So how does Obama repay this adulation?  Well his security services, in the relentless pursuit of America's terrorist enemies, bug the phone of German Chancellor Merkel.  Now Merkel, having grown-up in the old East Germany, probably knows a thing or two about being bugged, so she is unlikely to have said too much that was incriminating, on any of the calls that Obama's spies listened-in to.  Or maybe she did.  Maybe she thought, friends don't spy on friends.  Hmm!

So to Ukraine.  President Obama and his ineffectual Secretary of State, John Kerry, are threatening all sorts of sanctions against Russia.  Now call me naive but what was the result of ever increasing sanctions against Iran?  Oh yes!  Iran is currently enjoying a sanctions vacation, courtesy of the Obama administration and still able to pursue its goal of obtaining a nuclear capability.  Iran's number one enemy after the USA?  Israel, another friend of the USA that is being treated to Obama's own, very special, interpretation of friendship.

President Hosni Mubarak also thought of America and Obama as a friend and then his friend 'threw him under a Muslim Brotherhood bus!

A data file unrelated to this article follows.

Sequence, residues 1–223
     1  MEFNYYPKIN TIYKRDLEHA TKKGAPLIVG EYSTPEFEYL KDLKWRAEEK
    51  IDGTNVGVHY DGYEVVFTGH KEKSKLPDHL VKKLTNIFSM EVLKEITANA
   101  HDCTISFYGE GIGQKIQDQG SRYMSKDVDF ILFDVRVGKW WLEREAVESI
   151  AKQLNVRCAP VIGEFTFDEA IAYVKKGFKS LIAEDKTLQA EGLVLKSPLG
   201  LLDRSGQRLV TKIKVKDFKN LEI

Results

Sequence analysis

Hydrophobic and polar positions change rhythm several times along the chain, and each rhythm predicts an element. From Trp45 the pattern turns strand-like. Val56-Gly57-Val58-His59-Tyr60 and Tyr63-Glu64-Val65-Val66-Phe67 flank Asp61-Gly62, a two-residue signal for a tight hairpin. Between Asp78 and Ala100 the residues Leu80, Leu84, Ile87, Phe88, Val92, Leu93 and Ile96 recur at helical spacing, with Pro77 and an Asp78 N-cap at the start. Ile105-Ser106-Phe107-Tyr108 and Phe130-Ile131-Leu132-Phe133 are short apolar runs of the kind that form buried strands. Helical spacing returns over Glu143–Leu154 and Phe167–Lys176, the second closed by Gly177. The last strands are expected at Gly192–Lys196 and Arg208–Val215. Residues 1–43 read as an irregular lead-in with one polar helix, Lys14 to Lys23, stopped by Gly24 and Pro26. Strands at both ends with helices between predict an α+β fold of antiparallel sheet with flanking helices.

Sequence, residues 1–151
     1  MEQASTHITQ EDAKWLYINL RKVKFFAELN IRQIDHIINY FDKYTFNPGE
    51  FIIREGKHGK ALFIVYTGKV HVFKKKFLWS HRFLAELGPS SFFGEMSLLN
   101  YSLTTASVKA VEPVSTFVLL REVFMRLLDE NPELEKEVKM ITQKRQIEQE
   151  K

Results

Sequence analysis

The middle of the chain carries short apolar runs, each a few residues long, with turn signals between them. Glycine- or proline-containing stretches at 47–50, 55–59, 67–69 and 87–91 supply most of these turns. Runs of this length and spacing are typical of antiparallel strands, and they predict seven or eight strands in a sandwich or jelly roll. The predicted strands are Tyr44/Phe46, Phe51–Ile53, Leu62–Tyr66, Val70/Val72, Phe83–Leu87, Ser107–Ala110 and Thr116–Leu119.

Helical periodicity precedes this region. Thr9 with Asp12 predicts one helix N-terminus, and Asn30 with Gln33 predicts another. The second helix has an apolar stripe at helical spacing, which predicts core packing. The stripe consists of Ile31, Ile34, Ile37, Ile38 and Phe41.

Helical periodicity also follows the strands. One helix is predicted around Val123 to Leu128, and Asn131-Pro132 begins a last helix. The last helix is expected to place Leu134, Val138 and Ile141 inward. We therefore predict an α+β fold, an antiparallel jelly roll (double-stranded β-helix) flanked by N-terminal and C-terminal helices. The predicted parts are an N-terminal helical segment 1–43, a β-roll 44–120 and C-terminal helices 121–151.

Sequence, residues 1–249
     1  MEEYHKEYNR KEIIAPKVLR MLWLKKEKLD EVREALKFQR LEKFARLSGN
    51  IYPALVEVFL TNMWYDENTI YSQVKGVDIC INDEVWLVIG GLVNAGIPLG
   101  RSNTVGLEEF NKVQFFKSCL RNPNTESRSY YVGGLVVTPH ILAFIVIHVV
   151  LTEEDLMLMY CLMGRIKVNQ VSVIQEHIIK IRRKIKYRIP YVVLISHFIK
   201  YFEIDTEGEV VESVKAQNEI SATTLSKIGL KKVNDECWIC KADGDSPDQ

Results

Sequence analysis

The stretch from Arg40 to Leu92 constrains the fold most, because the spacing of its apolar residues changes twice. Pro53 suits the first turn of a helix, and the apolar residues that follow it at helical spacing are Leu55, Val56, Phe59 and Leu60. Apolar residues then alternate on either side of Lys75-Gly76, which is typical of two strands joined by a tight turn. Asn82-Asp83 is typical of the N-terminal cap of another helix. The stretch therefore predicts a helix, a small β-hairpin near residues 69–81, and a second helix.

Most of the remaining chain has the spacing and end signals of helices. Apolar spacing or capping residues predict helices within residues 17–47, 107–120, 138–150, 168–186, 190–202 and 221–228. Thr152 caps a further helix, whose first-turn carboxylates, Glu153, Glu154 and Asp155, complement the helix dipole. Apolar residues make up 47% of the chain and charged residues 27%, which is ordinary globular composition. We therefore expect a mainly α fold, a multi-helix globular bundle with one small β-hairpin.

Take it closer to home.  Christopher Stevens was appointed US Ambassador to Libya by President Obama and the then Secretary of State, Hillary Clinton.  It would be wrong to question the naivete of a person that cannot defend themselves, but surely Stevens could have done some homework on Clinton.  She was thrown off of the Watergate inquiry because of her having a very loose affiliation with the truth - that should have made him wary.  However, in Stevens' defence he probably thought that he could rely on his friends in Washington and the White House.  That didn't work out so well though!